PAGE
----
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Letters
May 1, 2013

Falsification End Points for Observational Studies—Reply

Author Affiliations
 

Letters Section Editor: Jody W. Zylke, MD, Senior Editor.

Author Affiliations: Department of Health Care Policy, Harvard Medical School, Boston, Massachusetts (Dr Jena; jena@hcp.med.harvard.edu); and Medical Oncology Branch, National Cancer Institute, Bethesda, Maryland (Dr Prasad).

JAMA. 2013;309(17):1769-1771. doi:10.1001/jama.2013.3112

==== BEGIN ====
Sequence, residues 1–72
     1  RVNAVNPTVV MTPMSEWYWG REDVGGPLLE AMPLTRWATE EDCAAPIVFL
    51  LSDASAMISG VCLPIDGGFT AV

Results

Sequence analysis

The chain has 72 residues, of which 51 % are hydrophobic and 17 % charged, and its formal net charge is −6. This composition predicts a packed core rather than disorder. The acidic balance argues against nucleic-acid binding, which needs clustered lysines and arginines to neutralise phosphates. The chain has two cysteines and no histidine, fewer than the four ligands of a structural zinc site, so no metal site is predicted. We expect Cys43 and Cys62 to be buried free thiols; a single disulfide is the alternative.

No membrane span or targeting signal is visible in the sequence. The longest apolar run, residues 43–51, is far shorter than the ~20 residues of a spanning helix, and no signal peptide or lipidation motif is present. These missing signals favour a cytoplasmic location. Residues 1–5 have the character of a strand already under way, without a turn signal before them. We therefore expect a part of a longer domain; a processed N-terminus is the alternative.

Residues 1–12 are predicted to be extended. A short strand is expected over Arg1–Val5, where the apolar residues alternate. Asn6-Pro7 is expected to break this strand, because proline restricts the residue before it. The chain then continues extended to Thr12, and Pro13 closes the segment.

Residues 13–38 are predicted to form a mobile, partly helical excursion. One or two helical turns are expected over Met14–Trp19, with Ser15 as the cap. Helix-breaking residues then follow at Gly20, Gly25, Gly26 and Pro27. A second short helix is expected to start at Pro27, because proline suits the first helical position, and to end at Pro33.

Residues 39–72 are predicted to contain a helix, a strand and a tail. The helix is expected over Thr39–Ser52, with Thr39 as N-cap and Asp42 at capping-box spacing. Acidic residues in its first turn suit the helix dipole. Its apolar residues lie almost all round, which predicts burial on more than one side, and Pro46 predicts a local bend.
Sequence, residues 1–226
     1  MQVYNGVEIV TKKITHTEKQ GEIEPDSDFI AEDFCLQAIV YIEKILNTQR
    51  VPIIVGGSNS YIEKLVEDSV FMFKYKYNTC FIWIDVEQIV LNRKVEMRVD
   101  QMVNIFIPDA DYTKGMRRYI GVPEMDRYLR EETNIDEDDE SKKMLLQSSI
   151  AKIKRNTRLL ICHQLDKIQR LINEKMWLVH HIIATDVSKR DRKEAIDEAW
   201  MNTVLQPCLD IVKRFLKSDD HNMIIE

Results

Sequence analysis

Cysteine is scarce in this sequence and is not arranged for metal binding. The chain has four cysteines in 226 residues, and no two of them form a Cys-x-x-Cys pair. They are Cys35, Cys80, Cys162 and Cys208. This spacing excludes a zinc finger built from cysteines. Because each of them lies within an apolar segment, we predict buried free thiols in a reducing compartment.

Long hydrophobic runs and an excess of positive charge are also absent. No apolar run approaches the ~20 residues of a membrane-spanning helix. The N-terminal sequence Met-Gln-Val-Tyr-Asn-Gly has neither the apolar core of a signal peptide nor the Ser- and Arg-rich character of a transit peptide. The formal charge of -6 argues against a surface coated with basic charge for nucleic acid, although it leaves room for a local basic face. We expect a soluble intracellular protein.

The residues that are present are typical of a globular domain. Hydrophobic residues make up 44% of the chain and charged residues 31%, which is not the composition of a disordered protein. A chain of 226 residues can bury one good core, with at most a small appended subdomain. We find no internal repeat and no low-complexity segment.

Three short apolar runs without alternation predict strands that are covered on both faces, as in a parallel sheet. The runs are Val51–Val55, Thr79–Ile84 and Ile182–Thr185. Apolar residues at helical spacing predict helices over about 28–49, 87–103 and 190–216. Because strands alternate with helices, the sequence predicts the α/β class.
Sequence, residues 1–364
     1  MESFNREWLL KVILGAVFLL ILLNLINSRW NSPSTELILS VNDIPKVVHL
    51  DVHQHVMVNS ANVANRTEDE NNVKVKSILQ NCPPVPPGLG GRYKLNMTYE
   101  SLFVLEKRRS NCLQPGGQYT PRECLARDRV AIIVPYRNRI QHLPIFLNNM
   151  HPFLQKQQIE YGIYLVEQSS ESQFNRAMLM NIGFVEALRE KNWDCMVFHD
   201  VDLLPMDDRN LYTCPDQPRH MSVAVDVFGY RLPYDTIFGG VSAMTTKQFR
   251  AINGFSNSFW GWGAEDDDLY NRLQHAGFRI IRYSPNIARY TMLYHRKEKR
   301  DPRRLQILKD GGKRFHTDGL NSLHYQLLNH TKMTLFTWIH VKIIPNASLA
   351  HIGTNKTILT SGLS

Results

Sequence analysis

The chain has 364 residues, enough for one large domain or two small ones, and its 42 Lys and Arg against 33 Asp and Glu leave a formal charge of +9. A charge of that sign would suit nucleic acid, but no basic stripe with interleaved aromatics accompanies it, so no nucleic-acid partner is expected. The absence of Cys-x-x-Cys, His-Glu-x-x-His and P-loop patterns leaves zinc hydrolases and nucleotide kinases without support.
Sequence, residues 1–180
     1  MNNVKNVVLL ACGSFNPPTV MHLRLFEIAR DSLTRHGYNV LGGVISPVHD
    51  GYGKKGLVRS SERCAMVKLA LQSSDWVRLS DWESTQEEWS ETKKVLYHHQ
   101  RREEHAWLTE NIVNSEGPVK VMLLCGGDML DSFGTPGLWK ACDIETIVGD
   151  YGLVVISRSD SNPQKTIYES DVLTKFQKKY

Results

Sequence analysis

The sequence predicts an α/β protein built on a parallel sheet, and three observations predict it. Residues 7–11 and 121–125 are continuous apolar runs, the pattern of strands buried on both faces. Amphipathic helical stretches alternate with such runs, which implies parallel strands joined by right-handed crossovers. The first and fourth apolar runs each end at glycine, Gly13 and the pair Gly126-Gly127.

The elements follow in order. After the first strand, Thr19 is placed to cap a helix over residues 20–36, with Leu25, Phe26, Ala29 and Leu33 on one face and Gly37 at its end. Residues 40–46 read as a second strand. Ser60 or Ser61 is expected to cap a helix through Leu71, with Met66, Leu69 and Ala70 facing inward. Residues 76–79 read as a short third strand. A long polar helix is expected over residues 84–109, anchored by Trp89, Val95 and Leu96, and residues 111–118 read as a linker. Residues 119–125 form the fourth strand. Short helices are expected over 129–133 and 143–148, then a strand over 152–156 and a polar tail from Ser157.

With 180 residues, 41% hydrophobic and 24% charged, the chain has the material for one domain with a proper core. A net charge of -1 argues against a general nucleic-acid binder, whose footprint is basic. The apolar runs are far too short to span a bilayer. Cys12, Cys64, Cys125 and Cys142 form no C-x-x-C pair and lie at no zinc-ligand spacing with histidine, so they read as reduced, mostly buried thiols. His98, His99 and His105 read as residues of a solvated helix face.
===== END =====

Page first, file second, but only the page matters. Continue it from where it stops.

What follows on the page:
In Reply:Falsification hypotheses can help adjudicate whether observational associations are robust or whether they reflect selection bias among patients who receive an intervention. Dr Groenwold thoughtfully expands on a prerequisite to proper falsification analyses: the falsification hypothesis must test a putative mechanism of bias.

Consider, for example, the question posed by Groenwold of whether β-blocker therapy reduces perioperative cardiac risk. Even after adjusting for observed patient demographics and claims-based clinical characteristics, an estimated association between β-blocker therapy and cardiac risk may still be confounded by unobserved patient and physician characteristics, including unmeasured socioeconomic characteristics.

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